S. Depriving a Detainee of Clothing
Several agents told the OIG that they saw or heard about detainees who were deprived of clothing. Removal of clothing was an explicitly authorized interrogation technique at GTMO between December 2, 2002, and January 12, 2003. Church Report at 117-121. As described in Chapter Five, two witnesses stated that Al-Qahtani (#63) had been at least partially deprived of clothing during part of his interrogation by the military.154 The other incidents reported by the agents did not involve the removal of clothing as an interrogation technique, but rather as a disciplinary measure in response to detainee misconduct.
For example, one agent reported that the DOD's Joint Detention Operations Group confiscated the long pants from a segment of the detainee population that was notorious for throwing urine and feces on the guards, leaving the detainees with only short pants or underwear. The agent said that there were no other comfort items left to confiscate from these detainees. She said the incident was referred to as "Pants Jihad" because other detainees protested by refusing to come to scheduled interrogations and generally being very uncooperative. Another agent stated in his survey response that detainees told him that the guards took away a detainee's clothing due to repeated suicide attempts.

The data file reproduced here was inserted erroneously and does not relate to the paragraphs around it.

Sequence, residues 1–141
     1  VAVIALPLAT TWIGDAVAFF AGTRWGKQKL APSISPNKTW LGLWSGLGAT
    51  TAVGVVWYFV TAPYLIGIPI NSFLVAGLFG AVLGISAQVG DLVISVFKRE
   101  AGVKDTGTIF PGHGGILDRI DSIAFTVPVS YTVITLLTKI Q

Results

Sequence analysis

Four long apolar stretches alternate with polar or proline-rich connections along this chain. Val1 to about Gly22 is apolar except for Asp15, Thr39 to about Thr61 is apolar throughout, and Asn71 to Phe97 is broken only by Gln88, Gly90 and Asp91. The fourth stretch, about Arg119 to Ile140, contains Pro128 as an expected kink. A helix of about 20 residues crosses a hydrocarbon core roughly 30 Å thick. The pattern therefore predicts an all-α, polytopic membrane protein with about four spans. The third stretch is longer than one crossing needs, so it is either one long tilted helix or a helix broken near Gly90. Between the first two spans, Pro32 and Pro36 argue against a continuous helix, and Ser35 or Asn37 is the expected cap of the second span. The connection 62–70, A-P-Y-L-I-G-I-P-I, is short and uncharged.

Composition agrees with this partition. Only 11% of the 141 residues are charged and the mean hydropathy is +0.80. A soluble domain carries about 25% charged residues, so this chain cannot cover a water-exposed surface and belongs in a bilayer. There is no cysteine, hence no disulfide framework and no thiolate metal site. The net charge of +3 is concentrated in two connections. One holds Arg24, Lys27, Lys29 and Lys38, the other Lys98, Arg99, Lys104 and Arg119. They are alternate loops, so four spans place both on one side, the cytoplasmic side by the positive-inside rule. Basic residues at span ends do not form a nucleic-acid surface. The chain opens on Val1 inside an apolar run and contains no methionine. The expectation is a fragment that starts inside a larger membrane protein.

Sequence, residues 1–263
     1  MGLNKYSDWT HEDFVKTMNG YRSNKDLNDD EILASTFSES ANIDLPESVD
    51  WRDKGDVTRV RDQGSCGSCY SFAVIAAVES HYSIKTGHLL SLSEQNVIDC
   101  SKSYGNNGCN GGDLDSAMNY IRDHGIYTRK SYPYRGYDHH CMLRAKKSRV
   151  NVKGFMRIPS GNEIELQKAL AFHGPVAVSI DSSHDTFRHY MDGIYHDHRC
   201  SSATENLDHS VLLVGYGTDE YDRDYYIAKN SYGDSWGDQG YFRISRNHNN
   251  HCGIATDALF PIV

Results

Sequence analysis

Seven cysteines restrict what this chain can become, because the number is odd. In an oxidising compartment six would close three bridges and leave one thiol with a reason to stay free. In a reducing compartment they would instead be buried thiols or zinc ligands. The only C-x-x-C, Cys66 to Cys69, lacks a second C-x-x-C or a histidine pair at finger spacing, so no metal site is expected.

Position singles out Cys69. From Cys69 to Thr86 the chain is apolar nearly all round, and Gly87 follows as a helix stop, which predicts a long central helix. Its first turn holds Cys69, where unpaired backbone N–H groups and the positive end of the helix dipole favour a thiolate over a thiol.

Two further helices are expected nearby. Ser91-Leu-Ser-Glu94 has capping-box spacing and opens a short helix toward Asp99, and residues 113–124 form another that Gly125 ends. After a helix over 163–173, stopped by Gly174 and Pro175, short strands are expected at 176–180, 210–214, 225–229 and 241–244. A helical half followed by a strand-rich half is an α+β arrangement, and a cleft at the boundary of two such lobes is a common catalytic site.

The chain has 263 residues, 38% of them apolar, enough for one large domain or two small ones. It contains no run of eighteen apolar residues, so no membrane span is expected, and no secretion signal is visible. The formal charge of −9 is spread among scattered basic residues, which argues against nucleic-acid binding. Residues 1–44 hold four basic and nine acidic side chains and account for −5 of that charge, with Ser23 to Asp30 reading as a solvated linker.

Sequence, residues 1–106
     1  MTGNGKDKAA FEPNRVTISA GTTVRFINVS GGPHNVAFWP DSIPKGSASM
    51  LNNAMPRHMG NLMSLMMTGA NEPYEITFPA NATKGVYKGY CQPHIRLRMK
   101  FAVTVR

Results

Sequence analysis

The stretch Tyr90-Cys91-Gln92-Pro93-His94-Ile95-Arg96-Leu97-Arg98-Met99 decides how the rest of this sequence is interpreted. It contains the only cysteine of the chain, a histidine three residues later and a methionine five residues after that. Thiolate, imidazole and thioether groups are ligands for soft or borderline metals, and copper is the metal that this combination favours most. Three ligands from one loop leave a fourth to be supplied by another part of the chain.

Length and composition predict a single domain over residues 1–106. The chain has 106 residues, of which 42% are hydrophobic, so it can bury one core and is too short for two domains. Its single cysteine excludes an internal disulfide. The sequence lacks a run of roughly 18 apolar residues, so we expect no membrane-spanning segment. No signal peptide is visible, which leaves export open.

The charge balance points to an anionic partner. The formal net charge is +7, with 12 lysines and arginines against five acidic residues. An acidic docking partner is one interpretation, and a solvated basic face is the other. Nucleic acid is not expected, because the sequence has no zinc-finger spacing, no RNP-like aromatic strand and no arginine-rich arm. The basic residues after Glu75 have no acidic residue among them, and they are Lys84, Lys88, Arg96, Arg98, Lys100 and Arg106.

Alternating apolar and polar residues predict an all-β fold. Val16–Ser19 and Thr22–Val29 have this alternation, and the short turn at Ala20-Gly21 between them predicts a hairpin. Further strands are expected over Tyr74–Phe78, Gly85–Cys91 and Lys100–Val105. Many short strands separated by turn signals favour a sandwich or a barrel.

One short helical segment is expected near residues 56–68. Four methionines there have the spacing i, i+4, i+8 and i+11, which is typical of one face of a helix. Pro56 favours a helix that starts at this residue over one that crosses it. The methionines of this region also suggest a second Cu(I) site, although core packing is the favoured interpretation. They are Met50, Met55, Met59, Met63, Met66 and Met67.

154. The Schmidt-Furlow Report found that in December 2002 interrogators forced Al-Qahtani to stand naked in front of a female interrogator, and used strip searches as an interrogation technique. Schmidt-Furlow Report at 20-21. This contradicted a finding in the Church Report that removal of clothing was not a technique used in the interrogation of Al-Qahtani. Church Report at 158.
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